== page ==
Black could not recover in time to get out on Martinez, Kovacs got a guy in his face, and Nebraska ripped off a 23-yard gain.
Here it's a little different because the end does have contain on Gardner, but if Michigan pokes at that belly play again they can do something similar. Instead of having a true read it's a designated Gardner keeper on which Kerridge's job is to get outside and block whoever that contain guy happens to be, Michigan can burn the shuffle.
This is a paragraph of disclaimers and explanations. That's my thought process when I see things like that on the zone read, because that was Rodriguez's thought process. He probably forced defenses to create the shuffle a few years back when he started blocking backside ends trying to crash down and shooting Carlos Brown or Brandon Minor through the gaping hole scraping linebackers would leave. That burned scrape exchanges hard for a while, and then the cat and mouse game moved on.
Michigan is deficient at cat and mouse in the run game. I'm not trying to suggest that Michigan has to be a spread option team for their offense to work better; I am pointing this out because it remains my wheelhouse and it's a good example of the things Michigan doesn't do because they are a jack-of-all-trades offense that doesn't see how a defense is responding and do something to break it. Because to do that Nebraska thing above your fullback has to rep it and sell it, etc. It takes practice time.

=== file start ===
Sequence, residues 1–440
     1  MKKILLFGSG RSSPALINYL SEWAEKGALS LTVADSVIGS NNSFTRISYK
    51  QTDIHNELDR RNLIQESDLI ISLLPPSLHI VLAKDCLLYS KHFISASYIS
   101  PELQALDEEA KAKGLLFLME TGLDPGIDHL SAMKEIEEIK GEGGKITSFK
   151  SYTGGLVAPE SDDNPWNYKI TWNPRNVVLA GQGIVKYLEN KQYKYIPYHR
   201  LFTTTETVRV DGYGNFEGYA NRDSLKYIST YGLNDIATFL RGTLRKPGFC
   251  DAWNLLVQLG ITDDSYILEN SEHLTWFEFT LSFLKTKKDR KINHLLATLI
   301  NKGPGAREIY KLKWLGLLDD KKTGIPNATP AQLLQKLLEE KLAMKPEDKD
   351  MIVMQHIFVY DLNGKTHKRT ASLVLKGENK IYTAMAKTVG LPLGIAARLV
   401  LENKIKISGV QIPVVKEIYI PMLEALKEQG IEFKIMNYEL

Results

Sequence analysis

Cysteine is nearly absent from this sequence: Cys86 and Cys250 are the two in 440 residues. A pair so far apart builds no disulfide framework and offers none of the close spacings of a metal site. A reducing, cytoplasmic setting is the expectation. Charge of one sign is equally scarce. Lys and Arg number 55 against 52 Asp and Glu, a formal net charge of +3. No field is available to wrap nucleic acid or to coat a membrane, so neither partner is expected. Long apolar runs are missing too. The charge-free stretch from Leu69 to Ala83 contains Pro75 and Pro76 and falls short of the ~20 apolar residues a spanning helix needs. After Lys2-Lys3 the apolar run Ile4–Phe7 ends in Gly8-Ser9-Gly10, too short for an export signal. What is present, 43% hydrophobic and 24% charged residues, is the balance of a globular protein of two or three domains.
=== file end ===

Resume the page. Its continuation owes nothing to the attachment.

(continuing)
Michigan's not thinking the zone game well at either the field level or the box level because they're not committed to it, and that extends to everything from stretch to power to iso.
Also maybe chalk that up as a missed read for Gardner. Because Michigan doesn't rep it consistently enough? I don't know. Has to be a consideration.
In other sad runs Michigan got out-schemed on. UConn was sending guys off the corner with frequency, but Michigan did not recognize it despite UConn tipping it hard. This inverted veer featured the dead giveaway of a safety moving down to line up directly over a wide receiver:
And on this one, how would you describe the playside corner's presnap technique? Is "right angle to wide receiver" a thing?
Michigan just gets lined up with 14 or so seconds on the clock and thus doesn't have much time to recognize what the defense is doing and adjust, like you saw Notre Dame and Akron do to Michigan's detriment several times. They're just eating bad playcalls. That's a natural consequence of spending 25 seconds in a huddle and not recognizing that one of the most common responses to spread stuff is to send extra guys off the edge.
None of this has anything to do with the offensive line. These are two TFLs and one miraculous Gardner escape wiped out by a Funchess holding call (which, BTW, ugh) on which the offensive line plays no part. The problems go deeper than their issues, which we'll get to later. This is Borges and to some extent Gardner—I don't know if he's got checks here—getting beat by the defensive coordinator. They got some back with the speed option, FWIW.
Who's up for a tedious 150 comment thread questioning whether it's worthwhile to read this? I certainly am! I hope there are content-free arguments. Let's make sure to ignore Ka'Deem Carey's 2000 yards last year when we're incensed at the idea Rich Rodriguez might be able to coach a run game.